After a Historic and Deadly Fire Season, California Homeowners Struggle to Stay Insured

A state report finds that “insurance is increasingly difficult to obtain and, if available, is unaffordable for many.”

A wildfire consumes a Ventura home in December, 2017. Jae C. Hong/AP

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The spate of deadly wildfires that tore through California in the second half of 2017 scorched more than 21,000 homes. As the millions of residents living at the cusp of the state’s forests and mountains renew their insurance policies, many have been disappointed by price increases, or worse: denial of coverage. According to a report out Thursday, the California Department of Insurance (CDI) has seen an uptick in complaints from homeowners and public officials that “homeowners’ insurance coverage in the wildland-urban interface is increasingly difficult to obtain and, if available, is unaffordable for many.”

Between 2010 and 2016, the agency found a 249 percent increase in consumer complaints related to renewals, specifically in zip codes designated by Cal Fire as having the greatest wildfire risk. This is coupled with a 217 percent uptick in complaints about rising premiums from clients in the same areas. 

“Insurers are increasingly using computer models to assess the risk of fires for individual homes and deciding that homes in some areas face too high a risk,” Insurance Commissioner Dave Jones stated in a press release. “In the wake of last year’s wildfires, we may see more areas of the state where insurers decline to write.”

The San Francisco Chronicle spoke with Oakland hills resident Anil Prasad who was denied parts of his home insurance coverage because the fire hazard was too high.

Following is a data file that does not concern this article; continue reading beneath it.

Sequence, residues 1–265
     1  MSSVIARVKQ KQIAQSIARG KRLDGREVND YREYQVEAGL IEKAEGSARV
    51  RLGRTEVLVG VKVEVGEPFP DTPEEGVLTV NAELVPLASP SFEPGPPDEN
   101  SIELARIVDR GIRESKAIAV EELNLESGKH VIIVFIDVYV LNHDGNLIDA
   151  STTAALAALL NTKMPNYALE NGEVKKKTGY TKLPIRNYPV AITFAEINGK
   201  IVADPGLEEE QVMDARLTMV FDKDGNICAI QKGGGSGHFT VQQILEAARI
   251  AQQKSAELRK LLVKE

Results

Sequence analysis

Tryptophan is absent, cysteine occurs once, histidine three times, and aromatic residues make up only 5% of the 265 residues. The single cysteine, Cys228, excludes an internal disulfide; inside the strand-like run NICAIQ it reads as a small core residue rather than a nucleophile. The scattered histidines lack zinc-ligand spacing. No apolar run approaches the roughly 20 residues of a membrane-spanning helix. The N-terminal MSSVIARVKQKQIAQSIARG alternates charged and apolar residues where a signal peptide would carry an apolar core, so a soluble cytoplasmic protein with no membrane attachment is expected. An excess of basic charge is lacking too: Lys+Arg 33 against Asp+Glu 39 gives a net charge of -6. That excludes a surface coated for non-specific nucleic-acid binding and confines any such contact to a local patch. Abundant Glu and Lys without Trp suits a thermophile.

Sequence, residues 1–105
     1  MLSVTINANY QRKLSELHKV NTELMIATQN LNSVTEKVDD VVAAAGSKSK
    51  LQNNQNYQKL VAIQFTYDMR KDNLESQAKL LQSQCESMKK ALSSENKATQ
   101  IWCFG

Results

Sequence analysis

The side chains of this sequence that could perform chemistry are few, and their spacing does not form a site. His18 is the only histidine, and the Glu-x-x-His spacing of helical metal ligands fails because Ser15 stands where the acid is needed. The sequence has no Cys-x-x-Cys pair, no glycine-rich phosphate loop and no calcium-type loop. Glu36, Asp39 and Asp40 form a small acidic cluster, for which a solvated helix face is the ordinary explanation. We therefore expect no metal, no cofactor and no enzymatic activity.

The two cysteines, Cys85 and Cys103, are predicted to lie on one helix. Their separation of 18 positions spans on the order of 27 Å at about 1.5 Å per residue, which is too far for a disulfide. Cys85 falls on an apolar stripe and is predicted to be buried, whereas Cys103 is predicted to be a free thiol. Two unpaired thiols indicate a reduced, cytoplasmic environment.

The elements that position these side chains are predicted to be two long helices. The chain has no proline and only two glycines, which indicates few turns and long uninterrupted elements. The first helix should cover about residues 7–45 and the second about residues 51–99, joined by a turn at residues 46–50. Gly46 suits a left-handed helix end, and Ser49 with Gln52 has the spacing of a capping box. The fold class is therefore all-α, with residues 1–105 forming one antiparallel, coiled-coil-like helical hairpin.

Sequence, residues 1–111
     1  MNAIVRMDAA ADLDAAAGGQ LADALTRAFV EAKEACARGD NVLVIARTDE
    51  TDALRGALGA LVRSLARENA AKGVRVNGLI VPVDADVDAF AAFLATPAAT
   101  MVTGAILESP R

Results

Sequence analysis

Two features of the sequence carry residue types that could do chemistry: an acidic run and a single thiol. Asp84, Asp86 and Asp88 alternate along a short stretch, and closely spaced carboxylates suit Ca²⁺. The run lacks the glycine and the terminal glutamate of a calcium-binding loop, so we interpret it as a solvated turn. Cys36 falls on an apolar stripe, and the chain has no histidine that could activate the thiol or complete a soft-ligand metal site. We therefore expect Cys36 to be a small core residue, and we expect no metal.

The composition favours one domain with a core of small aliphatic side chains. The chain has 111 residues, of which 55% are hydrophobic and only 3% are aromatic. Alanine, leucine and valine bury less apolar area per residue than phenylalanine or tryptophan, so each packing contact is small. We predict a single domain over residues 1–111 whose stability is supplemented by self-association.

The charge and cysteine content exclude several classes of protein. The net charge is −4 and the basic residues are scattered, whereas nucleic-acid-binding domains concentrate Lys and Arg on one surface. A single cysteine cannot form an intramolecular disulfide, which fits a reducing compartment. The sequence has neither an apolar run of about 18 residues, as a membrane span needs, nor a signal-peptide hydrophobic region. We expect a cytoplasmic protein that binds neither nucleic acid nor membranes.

The company offered to reinstate his policy but said it wouldn’t cover damage from fires, lightning, windstorms, hail, explosions, riots, civil commotion, aircraft or vehicle crashes, smoke, vandalism, malicious mischief, or volcanic eruptions.

“It seems like the only thing they’ll cover is someone sneezing on my house,” Prasad said.

The CDI report found that third-party wildfire-risk models are not regulated, nor is there a system in place for consumers to appeal a wildfire-risk model score. Additionally, most insurers do not consider wildfire mitigation conducted by homeowners or the community—which involves managing risks like the amount of easily ignited brush on land—either for underwriting or offering a premium credit. The state department is suggesting new legislation to protect the insured from these issues.

An estimated 3.6 million people live in California’s WUI, and this number has been steadily increasing in recent decades, according to the US Forest Service.  “Californians are facing more severe, more unpredictable, and more frequent wildfires,” Jones said. “Add to the equation, increasing development in areas more vulnerable to fire and you can see why wildfires are now an everyday threat to life and property for Californians.”

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